I Aim To Misbehave

I’ve never a big fan of the  “culturally relevant” church. Not because  it’s a bad thing, but because most churches tend to suck at it. Usually, it’s something like “The Dark Night; An Easter Story” which tells how Batman and Robin “discover the true meaning of Easter”. And, it’s not a good Batman on the poster; it’s usually Adam West from the cheesy 60’s TV show (which, I now shamefully admit, I avidly watched as a kid). But, once in a while, someone gets it right.

A good example is Jeremy Smith and his website, Hacking Christianity, who often makes reference to Star Wars and, one the best most under-rated TV shows ever, Firefly. Consider that last statement for a second and imagine my (giddy) surprise on recent Sunday morning when Michael Usey, pastor of College Park Baptist Church began his sermon with a mention of Serenity, the Firefly movie that Joss Whedon made when the morons at Fox cancelled his show after only 14 episodes. Specifically, Michael referenced what’s come to be known as the “I aim to misbehave speech”. Here it is:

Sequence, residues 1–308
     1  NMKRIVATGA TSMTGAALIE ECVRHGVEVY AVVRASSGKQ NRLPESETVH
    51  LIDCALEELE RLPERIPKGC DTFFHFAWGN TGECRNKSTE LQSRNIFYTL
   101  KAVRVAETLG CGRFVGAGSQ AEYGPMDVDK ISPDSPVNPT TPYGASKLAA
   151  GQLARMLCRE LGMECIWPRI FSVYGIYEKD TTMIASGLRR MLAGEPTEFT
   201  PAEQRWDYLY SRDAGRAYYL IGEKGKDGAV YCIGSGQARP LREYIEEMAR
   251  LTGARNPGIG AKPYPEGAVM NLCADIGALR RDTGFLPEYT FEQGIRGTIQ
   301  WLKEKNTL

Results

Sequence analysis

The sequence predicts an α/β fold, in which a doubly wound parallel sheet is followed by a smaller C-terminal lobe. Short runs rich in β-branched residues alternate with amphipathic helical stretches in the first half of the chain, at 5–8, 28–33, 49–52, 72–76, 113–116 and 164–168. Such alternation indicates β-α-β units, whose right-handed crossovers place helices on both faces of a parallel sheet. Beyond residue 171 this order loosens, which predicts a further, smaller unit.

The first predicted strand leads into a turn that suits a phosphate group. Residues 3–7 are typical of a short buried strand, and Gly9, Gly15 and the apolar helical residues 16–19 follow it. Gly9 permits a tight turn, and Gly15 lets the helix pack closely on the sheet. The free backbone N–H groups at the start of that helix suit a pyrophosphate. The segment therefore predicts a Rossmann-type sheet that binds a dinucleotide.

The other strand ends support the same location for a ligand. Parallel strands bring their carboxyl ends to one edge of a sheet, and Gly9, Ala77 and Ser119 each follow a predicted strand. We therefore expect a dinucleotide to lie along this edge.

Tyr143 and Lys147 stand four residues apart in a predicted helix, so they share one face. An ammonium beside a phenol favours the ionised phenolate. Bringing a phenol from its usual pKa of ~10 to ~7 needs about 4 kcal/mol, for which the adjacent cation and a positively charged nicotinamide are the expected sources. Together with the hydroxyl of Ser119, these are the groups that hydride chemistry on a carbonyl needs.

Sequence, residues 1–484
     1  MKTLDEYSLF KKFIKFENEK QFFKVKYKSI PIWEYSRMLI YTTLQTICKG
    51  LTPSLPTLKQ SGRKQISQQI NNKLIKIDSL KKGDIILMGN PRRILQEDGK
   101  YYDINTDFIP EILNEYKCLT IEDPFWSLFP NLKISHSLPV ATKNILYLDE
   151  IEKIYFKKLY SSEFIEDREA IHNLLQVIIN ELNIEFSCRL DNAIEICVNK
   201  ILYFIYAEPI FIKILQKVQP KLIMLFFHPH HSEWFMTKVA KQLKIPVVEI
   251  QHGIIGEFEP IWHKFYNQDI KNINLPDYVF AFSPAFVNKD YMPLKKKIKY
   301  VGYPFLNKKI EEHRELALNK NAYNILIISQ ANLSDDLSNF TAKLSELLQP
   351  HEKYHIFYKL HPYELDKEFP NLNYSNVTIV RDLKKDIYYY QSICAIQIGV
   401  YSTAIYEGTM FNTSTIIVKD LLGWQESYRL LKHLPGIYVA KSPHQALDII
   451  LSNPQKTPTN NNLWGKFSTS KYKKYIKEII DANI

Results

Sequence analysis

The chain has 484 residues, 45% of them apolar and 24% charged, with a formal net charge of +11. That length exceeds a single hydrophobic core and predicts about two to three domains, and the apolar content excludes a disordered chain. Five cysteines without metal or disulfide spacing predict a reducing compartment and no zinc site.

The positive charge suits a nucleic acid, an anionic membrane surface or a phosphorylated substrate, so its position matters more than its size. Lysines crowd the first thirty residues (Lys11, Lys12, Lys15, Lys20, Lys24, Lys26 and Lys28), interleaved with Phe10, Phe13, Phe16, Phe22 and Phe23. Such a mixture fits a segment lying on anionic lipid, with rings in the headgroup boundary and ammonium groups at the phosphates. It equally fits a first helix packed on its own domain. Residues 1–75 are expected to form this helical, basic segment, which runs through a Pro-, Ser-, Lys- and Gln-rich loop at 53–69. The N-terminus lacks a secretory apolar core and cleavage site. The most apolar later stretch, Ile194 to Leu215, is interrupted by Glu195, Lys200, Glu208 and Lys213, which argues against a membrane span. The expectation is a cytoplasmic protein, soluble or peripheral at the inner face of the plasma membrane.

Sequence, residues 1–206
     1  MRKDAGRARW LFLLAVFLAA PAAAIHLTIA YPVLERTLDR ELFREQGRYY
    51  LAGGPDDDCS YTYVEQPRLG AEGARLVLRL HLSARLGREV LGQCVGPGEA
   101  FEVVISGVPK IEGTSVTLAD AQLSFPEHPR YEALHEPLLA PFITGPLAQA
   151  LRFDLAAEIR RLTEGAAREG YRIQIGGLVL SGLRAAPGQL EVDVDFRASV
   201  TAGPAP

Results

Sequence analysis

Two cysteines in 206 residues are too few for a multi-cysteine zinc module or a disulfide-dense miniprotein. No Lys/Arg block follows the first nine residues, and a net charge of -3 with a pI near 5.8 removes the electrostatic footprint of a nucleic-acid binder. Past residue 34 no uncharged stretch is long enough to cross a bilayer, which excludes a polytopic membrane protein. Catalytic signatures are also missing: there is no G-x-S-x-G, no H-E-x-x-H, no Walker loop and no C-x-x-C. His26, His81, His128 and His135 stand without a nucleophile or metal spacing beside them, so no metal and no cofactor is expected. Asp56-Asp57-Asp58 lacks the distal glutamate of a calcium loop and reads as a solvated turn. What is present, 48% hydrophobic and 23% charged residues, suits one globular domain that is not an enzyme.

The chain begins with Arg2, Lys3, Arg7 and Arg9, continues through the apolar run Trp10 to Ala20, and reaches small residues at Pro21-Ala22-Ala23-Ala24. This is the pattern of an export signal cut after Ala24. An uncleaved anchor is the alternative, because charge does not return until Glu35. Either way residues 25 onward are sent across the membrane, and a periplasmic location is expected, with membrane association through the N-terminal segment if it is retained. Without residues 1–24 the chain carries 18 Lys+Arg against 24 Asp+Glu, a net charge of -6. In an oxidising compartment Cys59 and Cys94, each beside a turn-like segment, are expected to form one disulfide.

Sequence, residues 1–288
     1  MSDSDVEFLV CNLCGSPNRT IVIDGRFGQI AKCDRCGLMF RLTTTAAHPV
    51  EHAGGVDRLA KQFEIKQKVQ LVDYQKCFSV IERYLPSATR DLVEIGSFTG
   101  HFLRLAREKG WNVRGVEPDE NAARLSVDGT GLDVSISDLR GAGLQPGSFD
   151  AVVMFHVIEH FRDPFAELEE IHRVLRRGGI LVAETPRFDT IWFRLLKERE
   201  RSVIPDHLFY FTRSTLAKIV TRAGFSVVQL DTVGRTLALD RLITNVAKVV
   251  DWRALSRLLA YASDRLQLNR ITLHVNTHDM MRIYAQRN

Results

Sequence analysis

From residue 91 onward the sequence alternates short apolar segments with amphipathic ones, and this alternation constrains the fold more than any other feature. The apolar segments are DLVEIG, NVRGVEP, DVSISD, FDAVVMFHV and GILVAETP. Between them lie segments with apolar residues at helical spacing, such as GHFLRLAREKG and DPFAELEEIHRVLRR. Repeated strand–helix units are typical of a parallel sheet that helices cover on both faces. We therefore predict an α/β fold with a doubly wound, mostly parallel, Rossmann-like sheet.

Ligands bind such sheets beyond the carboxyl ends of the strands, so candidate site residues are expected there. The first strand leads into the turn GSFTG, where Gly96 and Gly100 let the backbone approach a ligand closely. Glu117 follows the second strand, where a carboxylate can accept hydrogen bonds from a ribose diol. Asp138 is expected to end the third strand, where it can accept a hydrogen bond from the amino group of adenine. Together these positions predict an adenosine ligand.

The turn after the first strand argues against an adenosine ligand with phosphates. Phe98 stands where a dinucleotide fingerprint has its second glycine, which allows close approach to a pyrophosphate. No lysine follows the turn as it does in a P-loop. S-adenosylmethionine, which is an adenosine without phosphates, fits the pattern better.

The “they” he’s talking about  is the government (Alliance) and what they’d done is introduce a drug into the air of the planet Miranda that should have made people more docile, less violent and more pliable to control. Unfortunately, the drug worked too well and 99.9% of the people just gave up; they laid down and died. The remaining .1% reacted just the opposite and became incredibly violent, uncontrollable, even feral (called Reavers on the show). Of course, the government covered it up and denies the existence of the Reavers. In saying “I aim to misbehave”, Mal is refusing to accept the status quo and let the government do what it chooses. As a Christian, it is my call to misbehave in the same way: by refusing to accept the status quo and let my leaders do as they please.

So, when behaving means stepping on people rights, I aim to misbehave. When behaving means I listen to, and even cheer, a 4-year-old boy sing “Ain’t No Homos Going to Heaven“, I aim to misbehave. When behaving means I embrace war and violence, I aim to misbehave. When behaving means I’m more worried about someone’s “soul” than I am their stomach, I aim to misbehave. When behaving means I empower a system that concentrates the wealth in the hands of a few and demonizes the poor, I aim to misbehave. And when behaving means I put any material thing before people, I aim to misbehave. Bucking the system like that may not be all that smart, but, to quote the great Jayne Cobb:

“Shepherd Book used to tell me, “If you can’t do something smart, do something right”.

I think Jesus would be on board with that.